This goes much deeper. The presence of God in the midst of life means that we don’t find spiritual fulfillment in escaping the world. In fact we will find that the deeper we go into real living the more we find God present and made known to us. The world is God’s creation and so there is something profoundly spiritual and divine in the material, in the substance of matter. Because we know that everything has a finite time to it, then for God to bother with this means that there is something of the inner purpose of God in the world and in the created-nature of the world. This is a deep expression of what John’s Gospel refers to as ‘the Word became flesh and dwelt among us’. The Word that was in the beginning, and through whom everything that there is came into being, the product of this is a deep expression of the heart of God (John 1). This is mind-blowing and yet at the same time this is the only kind of God worth bothering with and who has anything worth hearing to say to us in the midst of life. Epiphany shines a light on the divine within the material, where we are now, present and not hiding.
So when we want to find God, we don’t go digging on other planets, seeking what we can see beyond the stars, but we look more deeply at where we are and who we are. A great former Archbishop of Canterbury, and author of the welfare state, William Temple described Christianity as being the most materialistic of all religions because God is in the midst of us, the spiritual comes close. He is made known to us and ‘making known’ is the meaning of the word Epiphany.
Some of this came home to me when astrophysicist and theologian David Wilkinson gave a talk in the Cathedral last year on science and faith. The vastness of the cosmos, the fragility and transitory-ness of life and the universe – it has a beginning and will have an end – this raised the very natural question of why the divine would bother with something time bound when God is eternal. Big questions arise when following stars. The far side of the moon is being explored and NASA’s New Horizons spacecraft has flown past Ultima Thule, a lump of rock 4 billion miles away. As we reflect on these mind-expanding missions, that God bothers with our planet and human life, is a wonder. There is something about our transitory existence that reveals something very deep about the purposes and passion of God.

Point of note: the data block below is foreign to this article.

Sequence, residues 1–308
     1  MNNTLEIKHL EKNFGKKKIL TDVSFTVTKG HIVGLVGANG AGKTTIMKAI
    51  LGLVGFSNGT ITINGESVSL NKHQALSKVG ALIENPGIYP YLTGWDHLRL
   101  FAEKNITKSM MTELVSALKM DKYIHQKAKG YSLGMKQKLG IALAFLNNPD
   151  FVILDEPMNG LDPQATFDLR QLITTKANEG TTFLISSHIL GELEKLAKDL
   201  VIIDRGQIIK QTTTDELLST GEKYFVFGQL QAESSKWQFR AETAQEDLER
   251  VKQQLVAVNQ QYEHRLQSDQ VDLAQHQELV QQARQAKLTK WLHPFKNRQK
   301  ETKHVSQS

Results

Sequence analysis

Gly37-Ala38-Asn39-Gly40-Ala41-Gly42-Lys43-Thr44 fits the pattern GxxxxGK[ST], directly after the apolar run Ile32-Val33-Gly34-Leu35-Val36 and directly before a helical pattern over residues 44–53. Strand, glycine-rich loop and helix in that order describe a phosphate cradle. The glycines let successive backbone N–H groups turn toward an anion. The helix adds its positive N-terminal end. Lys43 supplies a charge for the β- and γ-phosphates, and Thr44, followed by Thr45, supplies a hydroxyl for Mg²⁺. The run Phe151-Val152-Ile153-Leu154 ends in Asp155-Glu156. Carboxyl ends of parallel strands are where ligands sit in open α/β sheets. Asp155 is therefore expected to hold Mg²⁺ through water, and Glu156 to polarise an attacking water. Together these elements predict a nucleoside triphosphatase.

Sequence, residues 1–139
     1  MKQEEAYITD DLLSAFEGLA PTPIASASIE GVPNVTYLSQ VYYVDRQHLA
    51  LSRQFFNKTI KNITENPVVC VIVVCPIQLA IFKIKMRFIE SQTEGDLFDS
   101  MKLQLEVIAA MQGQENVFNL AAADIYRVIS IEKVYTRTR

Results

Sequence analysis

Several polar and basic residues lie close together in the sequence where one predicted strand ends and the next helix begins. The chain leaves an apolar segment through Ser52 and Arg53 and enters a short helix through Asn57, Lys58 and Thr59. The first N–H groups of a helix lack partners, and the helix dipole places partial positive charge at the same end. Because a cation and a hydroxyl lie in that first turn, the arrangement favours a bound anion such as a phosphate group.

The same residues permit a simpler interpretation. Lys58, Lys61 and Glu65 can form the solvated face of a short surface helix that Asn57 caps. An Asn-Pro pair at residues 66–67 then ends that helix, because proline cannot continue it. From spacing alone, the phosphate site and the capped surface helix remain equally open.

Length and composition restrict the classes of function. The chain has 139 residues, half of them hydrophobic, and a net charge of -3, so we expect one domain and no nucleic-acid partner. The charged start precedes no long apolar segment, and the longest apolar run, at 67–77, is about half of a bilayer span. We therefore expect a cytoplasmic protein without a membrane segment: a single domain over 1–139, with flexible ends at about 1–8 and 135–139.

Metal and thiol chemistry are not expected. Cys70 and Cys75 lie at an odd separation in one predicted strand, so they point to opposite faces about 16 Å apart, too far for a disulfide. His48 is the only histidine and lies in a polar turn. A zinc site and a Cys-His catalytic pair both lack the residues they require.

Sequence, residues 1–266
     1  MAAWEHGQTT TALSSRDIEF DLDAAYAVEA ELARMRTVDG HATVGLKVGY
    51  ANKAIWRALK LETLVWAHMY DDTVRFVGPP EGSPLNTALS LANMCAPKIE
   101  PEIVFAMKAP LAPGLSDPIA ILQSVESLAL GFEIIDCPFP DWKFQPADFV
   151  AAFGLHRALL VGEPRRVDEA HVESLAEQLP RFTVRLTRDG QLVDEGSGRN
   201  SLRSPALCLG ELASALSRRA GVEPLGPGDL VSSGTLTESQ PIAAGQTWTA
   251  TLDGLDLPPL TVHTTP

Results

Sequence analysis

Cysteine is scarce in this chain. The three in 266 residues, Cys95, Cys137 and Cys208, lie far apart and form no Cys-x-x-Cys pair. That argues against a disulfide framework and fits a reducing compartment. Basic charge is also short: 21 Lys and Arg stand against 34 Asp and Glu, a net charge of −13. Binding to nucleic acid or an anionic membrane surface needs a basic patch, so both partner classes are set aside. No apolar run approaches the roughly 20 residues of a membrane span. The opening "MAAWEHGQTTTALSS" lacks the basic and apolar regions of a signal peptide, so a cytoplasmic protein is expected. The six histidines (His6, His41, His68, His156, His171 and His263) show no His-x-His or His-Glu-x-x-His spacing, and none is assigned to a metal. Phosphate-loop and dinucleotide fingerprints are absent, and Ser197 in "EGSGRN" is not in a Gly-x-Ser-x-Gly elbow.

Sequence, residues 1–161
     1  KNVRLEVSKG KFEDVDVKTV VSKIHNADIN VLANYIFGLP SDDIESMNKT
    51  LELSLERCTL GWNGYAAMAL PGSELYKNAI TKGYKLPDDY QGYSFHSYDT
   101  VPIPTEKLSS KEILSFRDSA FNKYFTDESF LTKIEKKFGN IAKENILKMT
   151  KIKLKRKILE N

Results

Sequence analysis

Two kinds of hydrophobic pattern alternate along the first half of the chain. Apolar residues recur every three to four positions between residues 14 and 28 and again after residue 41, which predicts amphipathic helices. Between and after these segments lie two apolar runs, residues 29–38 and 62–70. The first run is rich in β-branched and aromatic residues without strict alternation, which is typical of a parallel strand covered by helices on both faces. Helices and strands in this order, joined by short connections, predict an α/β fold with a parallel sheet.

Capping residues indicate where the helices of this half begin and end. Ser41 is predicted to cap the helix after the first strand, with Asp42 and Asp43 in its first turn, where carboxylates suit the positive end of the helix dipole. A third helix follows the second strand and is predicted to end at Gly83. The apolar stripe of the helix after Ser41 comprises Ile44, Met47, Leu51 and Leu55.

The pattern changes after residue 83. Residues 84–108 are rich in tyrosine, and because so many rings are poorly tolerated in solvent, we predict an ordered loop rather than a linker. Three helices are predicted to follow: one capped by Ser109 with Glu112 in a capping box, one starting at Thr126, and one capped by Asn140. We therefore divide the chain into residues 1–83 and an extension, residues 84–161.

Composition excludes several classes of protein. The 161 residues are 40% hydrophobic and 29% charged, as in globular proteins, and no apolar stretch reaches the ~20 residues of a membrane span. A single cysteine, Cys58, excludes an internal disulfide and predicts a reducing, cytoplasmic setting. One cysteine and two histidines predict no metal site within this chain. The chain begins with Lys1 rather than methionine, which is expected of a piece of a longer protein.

The wise men capture this in their journey, in their worship, in their gifts. Gold is a precious metal, valued and it has been the basis of trading for millennia. It brings our striving, our planning, our creativity and the business of getting on with life to the crib, to be laid before the origin and purpose of this activity. Frankincense, a sweet smelling resin, is burnt to freshen the air, rise as a symbol of prayer and give a sense of mystery to worship. It raises our aspirations beyond the mundane and in the ordinary invites us to look so much deeper in order to find there the presence and purpose of God. Myrrh is a compound with wide-ranging healing properties. It is for embalming, it is for curing, it is an anesthetic. So with myrrh we bring the pain and passion, the very things that make us human and not just robots or biological accidents. This is what separates us from artificial intelligence and leads to so much creativity, sense of urgency and ultimate sense of dependency on God.
So today we join with the magi, as they gather at the infant Jesus, offer their gifts, and with them rejoice that God comes close to us, we find God by looking more deeply where we are, rather than through special techniques. God is made known by God making God-self known, not by our efforts and questing. The wonder of mystery may call us to go looking, but only because God has already come close, indeed the created universe is the product of this coming close. The spiritual quest is not to find a hidden God but to get us into a place where we can notice what is at our feet all along. So if you want to find God or grow spiritually, you will do this by looking deeply into where you are, into life as it is and be surprised by the star light shining, because God is already present and waiting for us.
Sermon for Epiphany, preached at Peterborough Parish Church, Sunday 6th January 2019